MONTGOMERY, Ala. (WIAT) — Newly elected lawmakers are learning the ropes of the legislative process during orientation at the statehouse Wednesday.
One big topic they’re being briefed on: the budgets.
Legislative leaders say tax reform is on the table next session considering billions in budget surpluses, but slashing taxes comes with consequences.
House Education Budget Chairman Danny Garrett (R- Trussville) told new members major tax cuts — like eliminating the state income tax or grocery tax — could be difficult.
“That’s less revenue, and we’re competing with states that have more revenue to do things,” Garrett said.
Eliminating the state income tax, for instance, would cut about two-thirds of the Education Trust Fund Budget. In Fiscal Year 2022, that tax brought in about $7 billion to the state.
Getting rid of the state grocery tax, Garrett estimates, would reduce the education budget another $500 million or so.
Garrett says the state’s finances right now make it well-positioned to weather a moderate recession, but he says he is open to ideas addressing tax relief.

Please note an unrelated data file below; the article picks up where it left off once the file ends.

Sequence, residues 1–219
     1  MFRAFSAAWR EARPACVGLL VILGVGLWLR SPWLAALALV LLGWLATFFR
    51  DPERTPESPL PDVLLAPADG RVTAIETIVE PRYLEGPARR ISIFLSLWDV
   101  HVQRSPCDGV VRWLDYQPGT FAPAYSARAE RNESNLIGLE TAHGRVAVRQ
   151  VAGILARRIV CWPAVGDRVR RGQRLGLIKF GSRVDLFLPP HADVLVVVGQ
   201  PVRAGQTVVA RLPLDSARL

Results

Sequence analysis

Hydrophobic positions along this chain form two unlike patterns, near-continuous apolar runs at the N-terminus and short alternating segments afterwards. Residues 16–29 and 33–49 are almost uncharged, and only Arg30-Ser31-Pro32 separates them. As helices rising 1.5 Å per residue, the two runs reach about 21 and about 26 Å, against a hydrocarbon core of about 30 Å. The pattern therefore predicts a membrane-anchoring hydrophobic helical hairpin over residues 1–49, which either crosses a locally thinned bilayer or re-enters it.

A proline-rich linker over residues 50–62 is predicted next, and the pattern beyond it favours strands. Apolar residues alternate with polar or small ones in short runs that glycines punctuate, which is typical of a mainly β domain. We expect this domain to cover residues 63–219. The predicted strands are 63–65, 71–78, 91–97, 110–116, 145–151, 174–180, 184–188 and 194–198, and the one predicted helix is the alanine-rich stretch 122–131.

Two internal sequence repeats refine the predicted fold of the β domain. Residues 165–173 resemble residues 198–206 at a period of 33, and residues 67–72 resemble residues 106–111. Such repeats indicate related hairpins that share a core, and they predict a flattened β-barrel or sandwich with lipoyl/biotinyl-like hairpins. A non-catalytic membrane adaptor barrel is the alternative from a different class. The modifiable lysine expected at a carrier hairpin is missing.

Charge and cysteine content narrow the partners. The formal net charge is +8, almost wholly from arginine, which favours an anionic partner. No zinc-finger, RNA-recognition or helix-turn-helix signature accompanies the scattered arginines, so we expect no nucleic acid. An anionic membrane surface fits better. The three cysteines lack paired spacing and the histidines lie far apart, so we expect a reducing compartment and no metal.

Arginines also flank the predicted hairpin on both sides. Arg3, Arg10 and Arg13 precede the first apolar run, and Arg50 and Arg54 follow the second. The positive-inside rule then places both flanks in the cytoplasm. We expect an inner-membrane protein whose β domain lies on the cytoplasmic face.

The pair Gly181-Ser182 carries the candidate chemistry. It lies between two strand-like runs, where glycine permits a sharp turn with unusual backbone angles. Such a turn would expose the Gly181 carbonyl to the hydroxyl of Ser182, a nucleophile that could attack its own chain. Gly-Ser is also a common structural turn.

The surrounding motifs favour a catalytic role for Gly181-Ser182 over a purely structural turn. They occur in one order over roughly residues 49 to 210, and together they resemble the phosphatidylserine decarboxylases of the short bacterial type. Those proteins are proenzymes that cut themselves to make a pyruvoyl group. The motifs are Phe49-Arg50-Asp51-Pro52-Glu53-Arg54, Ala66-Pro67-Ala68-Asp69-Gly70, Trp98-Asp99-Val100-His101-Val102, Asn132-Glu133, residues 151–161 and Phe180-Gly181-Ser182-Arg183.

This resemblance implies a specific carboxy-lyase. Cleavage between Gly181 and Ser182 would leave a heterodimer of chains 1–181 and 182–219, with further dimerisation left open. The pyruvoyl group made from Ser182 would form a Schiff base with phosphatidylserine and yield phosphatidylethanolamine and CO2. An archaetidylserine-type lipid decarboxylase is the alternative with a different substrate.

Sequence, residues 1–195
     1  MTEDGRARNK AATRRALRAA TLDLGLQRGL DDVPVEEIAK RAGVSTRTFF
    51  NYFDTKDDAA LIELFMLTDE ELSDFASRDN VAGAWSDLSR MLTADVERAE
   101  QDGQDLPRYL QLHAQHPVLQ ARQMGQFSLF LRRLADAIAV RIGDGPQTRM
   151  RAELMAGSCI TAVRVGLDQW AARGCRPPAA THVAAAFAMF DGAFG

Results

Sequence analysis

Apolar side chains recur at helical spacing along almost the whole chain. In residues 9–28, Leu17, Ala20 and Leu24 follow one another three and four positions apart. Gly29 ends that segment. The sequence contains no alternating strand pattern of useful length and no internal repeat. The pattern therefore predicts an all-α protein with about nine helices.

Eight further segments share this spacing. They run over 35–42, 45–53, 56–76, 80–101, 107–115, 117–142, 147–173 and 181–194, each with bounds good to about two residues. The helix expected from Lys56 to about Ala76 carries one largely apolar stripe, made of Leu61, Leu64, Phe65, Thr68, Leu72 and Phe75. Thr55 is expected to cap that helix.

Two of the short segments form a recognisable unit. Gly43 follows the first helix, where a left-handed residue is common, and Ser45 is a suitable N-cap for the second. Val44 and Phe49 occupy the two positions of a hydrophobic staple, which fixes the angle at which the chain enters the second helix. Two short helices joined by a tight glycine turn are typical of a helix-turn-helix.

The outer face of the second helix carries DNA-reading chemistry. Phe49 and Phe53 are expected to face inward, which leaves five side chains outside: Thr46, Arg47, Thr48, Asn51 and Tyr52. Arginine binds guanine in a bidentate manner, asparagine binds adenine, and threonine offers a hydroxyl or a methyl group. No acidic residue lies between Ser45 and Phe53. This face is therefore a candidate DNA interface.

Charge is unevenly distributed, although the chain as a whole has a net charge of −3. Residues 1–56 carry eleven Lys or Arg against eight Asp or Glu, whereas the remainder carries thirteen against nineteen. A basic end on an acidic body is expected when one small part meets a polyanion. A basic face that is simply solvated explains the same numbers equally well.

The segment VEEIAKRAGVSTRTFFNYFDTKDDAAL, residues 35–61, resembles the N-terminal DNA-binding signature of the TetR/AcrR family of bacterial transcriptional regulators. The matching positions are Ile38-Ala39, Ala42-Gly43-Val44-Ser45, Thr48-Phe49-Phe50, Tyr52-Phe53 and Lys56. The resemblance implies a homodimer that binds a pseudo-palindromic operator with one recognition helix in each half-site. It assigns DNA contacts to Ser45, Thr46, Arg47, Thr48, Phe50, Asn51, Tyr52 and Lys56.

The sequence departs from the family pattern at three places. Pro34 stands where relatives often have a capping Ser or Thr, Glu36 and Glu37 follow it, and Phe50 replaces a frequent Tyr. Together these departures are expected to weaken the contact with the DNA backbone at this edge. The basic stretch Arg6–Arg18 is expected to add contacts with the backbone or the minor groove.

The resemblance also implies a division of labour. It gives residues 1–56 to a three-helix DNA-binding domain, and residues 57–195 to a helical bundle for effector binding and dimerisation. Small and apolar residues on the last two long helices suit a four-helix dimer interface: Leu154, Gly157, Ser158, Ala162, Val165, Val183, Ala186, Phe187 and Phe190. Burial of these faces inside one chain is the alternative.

“Any tax reform, tax deduction, tax credit issue is on the table as far as I’m concerned. We want to discuss all of those. We want to make sure that whatever we do is making the state better,” Garrett said.
Gov. Kay Ivey says spending the state’s surpluses and American Rescue Plan Act money will have to be done carefully.
“We have to be wise. Just because we have excess money right now doesn’t mean we’re always going to have it. It’s one-time money,” Ivey said.
At the end of last session, House Speaker Mac McCutcheon said a special session to allocate about $1 billion in ARPA money could happen this year.
Ivey says as of now, nothing is planned.
“That’s a subject that’s ongoing for discussion. All options are on the table, but we’ll keep you posted,” Ivey said.
Ivey also addressed new members and said there’s lots to do this session to address failing schools, lack of broadband activity in some areas and the prison system.
“When March 7 comes, it’s time to get to work,” Ivey said.
Before March 7 rolls around, lawmakers will be back Jan. 11 for the organizational session where they will officially elect leadership positions in the House and Senate.